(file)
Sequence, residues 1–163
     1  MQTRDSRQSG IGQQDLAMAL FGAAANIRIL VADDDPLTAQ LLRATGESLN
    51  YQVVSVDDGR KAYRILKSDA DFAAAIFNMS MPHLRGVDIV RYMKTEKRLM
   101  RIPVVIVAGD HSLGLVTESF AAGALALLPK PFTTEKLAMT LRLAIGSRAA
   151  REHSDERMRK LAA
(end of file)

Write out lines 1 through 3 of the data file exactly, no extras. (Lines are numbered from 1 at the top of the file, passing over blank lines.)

Sequence, residues 1–163
     1  MQTRDSRQSG IGQQDLAMAL FGAAANIRIL VADDDPLTAQ LLRATGESLN
    51  YQVVSVDDGR KAYRILKSDA DFAAAIFNMS MPHLRGVDIV RYMKTEKRLM